1. Module 1: Introduction and Georg Simmel

  1. Module 2: George Herbert Mead

  1. Module 3: Anthony Giddens

  1. Module 4: Jürgen Habermas

  1. Module 5: Pierre Bourdieu

ASSESSMENT METHODS

For your formal work in the course, you are required to participate in five (5) graded online discussions as well as an ungraded but required "Introductions" forum which occurs during the first week of the semester, complete five (5) written assignments, and complete a final project. See below for more details.

Consult the course Calendar for due dates.

Discussion Forums

In addition to an ungraded "Introductions" forum, Contemporary Sociological Theory requires you to participate in five graded class discussions.

Communication with the mentor and among fellow students is a critical component of online learning. Participation in online discussions involves two distinct assignments: an initial response to a posted question (discussion thread) and subsequent comments on classmates' responses.

You will be evaluated both on the quality of your responses (i.e., your understanding of readings, and concepts as demonstrated by well-articulated, critical thinking) and quantity of your participation (i.e., the number of times you participate meaningfully in the assigned forums). Responses and comments should be properly proofread and edited, professional, and respectful.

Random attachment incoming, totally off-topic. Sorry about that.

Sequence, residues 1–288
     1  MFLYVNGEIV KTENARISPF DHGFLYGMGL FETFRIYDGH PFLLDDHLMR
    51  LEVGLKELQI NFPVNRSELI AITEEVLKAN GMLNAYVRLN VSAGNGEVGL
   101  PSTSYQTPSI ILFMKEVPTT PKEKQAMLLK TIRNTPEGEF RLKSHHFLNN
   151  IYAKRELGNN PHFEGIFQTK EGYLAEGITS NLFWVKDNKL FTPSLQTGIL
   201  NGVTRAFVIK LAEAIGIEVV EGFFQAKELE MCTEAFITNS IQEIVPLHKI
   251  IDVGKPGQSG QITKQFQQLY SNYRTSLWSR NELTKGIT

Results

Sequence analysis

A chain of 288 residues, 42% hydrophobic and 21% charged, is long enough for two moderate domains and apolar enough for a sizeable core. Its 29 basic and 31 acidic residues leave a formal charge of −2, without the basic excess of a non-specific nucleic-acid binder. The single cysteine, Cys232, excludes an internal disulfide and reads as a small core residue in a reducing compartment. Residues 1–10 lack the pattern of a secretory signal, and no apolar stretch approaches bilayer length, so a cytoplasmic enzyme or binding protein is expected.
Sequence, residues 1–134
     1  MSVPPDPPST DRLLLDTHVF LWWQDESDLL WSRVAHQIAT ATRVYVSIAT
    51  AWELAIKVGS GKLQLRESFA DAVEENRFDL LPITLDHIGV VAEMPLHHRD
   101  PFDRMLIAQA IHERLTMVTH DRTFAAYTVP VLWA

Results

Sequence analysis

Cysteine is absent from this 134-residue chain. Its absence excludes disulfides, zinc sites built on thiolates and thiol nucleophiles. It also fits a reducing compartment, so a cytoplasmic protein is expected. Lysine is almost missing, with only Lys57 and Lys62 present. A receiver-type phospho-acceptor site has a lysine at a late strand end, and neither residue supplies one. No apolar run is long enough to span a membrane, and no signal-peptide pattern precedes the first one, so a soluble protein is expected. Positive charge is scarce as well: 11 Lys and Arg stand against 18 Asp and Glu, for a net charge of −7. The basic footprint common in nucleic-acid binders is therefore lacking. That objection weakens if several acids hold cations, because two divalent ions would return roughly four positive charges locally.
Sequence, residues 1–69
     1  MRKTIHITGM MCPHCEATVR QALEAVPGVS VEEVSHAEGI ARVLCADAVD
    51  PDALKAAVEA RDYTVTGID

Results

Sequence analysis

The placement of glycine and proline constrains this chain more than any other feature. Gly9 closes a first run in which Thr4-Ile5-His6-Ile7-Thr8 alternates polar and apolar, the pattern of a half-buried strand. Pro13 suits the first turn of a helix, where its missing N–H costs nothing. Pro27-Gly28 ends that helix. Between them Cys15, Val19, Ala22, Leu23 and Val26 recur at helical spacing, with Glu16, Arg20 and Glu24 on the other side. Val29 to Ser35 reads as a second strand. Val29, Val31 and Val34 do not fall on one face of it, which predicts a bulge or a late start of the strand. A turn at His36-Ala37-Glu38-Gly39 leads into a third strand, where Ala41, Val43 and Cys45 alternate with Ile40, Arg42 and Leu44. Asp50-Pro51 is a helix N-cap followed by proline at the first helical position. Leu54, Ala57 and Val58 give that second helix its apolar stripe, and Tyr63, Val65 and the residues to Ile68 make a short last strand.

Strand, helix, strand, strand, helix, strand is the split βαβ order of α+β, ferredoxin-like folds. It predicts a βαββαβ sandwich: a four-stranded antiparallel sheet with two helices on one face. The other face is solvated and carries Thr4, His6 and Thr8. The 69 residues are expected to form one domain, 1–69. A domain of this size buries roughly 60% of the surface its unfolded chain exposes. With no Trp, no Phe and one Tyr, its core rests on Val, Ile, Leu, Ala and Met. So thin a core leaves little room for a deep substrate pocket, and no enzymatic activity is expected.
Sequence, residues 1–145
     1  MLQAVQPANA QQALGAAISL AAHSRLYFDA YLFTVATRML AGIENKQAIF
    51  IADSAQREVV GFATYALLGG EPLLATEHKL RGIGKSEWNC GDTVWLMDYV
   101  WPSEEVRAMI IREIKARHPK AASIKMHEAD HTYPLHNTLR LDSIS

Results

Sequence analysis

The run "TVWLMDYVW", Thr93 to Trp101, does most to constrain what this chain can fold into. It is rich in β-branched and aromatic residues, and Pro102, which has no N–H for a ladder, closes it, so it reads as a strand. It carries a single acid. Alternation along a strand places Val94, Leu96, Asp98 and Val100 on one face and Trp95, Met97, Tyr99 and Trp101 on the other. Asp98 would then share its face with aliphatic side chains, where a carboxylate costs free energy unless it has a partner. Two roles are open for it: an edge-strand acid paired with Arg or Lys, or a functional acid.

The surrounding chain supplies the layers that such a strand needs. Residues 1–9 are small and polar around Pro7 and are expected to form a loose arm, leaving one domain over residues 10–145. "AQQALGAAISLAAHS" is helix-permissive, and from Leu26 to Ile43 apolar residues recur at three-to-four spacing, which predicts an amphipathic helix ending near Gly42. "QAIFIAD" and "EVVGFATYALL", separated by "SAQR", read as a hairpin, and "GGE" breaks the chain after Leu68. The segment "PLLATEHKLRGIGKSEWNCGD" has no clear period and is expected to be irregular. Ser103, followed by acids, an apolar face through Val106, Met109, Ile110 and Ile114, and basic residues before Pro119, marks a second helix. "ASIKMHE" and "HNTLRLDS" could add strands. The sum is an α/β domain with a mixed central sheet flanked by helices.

Meaningful participation in online discussions is relevant to the content, adds value, and advances the discussion. Comments such as "I agree" and "ditto" are not considered value-adding participation. Therefore, when you agree or disagree with a classmate, the reading, or your mentor, state and support your agreement or disagreement.

Written Assignments

You are required to complete five (5) written assignments. The written assignments are on a variety of topics associated with the courses modules.

The written assignments are the primary means for you to express yourself verbally during the semester, controlling content and meaning. Due dates for each assignment are listed in the course Calendar.